beyonce, rehab online magazine, gq

We all know about the two major categories of female sexuality in the entertainment business that have become easy descriptions for us to pin to female entertainers. There’s the woman who is all natural, with Erykah Badu & India Arie vibes, and sings or raps about being herself. Then there’s the woman who is hyper-sexualized, with Rihanna vibes, and is half-naked or a sexual icon in public majority of the time. These two different categories have confined female entertainers for a long time to get in where they fit in. We have seen Jennifer Hudson lose weight and now try her best to maintain a sexy image and attempt to appeal to more men. We have seen the innocent Taylor Swift and Selena Gomez shed their good girl image in attempts to seem more sexual and in touch with those fans who generally love Rihanna. In other words, for about 4-5 years back-to-back, you either liked Beyonce or Rihanna.

However, one female artist recently changed the game and completely confused the two categories we’re accustomed to labeling with when she went left with her branding and her image. We’re not her beyhive stans and we don’t worship her, but we now see the importance of what her most recent branding achieved. Don’t get confused though – Beyonce Knowles has always been sexual and if you look at most of her Destiny’s Child photos, she was likely the one in the two-piece and exposed more than Michelle. So what did Beyonce do most recently to create an alternative category at this point in her career that would influence social perspectives on female sexuality in the entertainment industry? She took the hyper-sexualized image that Rihanna is known for and pretended to unveil it and expose herself. No crazy nude photos, sextape, or ex-boyfriend writing a tell-all book. Beyonce exposed her own sexuality, which gave her complete control of the margins that the public normally uses to stigmatize female entertainers.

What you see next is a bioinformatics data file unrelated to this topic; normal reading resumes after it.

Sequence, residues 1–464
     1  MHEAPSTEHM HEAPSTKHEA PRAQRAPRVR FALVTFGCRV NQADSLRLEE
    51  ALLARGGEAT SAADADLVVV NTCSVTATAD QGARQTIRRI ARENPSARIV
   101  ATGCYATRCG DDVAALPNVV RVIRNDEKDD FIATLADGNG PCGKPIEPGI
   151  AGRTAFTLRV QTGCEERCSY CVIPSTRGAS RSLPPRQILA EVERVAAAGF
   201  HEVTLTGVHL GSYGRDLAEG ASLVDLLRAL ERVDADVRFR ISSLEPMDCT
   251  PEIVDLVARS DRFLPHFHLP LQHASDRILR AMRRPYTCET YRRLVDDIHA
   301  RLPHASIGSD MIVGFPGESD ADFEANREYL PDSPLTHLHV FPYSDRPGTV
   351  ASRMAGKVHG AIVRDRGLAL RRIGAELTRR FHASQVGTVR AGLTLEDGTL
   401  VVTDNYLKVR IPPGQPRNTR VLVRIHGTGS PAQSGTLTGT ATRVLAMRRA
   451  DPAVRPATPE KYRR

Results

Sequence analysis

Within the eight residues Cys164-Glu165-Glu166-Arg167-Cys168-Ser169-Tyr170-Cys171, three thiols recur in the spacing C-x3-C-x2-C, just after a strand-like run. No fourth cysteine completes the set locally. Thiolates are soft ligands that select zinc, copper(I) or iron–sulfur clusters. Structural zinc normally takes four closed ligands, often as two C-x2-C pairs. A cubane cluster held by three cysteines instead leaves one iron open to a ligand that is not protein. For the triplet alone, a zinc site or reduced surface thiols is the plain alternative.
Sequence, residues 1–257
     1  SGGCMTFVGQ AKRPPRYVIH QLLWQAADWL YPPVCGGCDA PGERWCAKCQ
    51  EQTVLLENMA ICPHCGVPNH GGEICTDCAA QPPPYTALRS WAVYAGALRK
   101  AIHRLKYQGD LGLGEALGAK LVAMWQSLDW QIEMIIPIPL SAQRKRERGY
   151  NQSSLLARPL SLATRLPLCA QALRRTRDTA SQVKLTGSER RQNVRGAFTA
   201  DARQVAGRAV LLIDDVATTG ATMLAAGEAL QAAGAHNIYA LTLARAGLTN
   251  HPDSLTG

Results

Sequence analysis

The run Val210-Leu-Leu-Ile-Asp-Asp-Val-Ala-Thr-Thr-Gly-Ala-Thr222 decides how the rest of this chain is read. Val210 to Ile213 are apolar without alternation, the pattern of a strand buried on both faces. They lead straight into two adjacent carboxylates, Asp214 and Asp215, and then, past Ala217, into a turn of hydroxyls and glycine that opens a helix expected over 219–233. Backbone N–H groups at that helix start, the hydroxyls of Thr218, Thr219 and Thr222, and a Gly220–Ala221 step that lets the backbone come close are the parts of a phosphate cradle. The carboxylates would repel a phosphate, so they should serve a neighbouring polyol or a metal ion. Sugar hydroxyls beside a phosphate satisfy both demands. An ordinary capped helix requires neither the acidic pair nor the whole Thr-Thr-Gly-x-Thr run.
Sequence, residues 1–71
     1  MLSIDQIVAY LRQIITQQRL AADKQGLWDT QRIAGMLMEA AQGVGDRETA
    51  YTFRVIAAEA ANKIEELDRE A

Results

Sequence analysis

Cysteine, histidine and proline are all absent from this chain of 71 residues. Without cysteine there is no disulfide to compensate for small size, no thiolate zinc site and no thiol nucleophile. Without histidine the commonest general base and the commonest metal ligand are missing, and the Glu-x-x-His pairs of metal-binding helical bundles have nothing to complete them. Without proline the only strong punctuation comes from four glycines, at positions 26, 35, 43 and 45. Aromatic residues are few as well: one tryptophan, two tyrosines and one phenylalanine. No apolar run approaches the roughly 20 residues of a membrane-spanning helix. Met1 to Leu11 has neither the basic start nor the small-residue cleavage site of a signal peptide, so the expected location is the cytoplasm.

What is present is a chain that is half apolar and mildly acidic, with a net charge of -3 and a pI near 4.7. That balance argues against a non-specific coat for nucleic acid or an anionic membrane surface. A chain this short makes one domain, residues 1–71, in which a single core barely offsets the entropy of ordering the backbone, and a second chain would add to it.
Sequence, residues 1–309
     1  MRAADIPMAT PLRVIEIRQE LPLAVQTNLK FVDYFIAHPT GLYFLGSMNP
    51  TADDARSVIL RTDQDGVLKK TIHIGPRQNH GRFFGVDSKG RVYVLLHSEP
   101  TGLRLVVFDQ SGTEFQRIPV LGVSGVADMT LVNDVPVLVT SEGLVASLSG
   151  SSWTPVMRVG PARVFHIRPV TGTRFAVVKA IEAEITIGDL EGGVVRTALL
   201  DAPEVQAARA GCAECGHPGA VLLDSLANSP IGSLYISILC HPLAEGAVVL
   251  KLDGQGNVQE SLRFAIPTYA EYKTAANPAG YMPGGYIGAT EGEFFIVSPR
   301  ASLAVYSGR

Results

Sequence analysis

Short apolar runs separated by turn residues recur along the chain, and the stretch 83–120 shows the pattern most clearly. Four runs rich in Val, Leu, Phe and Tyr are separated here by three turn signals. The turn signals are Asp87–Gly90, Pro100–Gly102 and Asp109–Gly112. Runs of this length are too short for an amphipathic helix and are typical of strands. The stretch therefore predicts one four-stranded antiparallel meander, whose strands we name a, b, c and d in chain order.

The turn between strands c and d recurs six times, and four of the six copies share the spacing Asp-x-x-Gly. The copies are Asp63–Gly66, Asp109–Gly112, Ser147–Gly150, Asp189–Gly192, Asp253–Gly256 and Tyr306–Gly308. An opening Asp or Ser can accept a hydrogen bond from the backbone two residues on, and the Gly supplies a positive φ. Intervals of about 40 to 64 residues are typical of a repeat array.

beyonce-partition-600x450 (1)

She unexpectedly dropped her album, which many pinned as a genius marketing move; however, we saw this instead as a direct connection to her choice to reveal her sexuality unexpectedly. When Rihanna released Good Girl Gone Bad, the title and promotion related to her intentions to shed her good girl island image. However, when Beyonce unexpectedly dropped BEYONCE, she was releasing any box that would’ve been placed upon her sexual limits and boundaries. She accumulated a good image for countless years in order to shatter it and most importantly gain the control to shatter it. Songs and imagery for “Partition”, “Drunk In Love”, and more are all just as nasty and sexual as Rihanna’s lyrics and videos; however, Rihanna’s sexuality is not a surprise anymore and consumers are accustomed to it. Furthermore, her relationships haven’t been much of a mystery whereas most were not able to even guess if Beyonce and Jay-Z had a sexual relationship until Blue was born.

So you’re wondering where do we arrive in regards to the plain breakdown of how Beyonce’s recent branding has shifted your entertainment paradigm for women.  In plain terms, Beyonce merged the good and the bad by separating the two for long enough so we could sub-consciously absorb both sides of who she is.  Not all women are one OR the other. Some experience a duality of wanting to spend a quiet night at home with a few candles and Girl Boss – and then, the next night they want to go out to the bars and drink cognac with the boys and score a few numbers (or maybe score in general). Thanks to Beyonce’s mega-platform in the music industry and this suddenly revealed sexuality that is both free and controlled, we have a third category that is accepted in the female entertainment industry – Respected Hyper-Sexuality (in plain terms…a horny woman who is respected as much as the horny man is).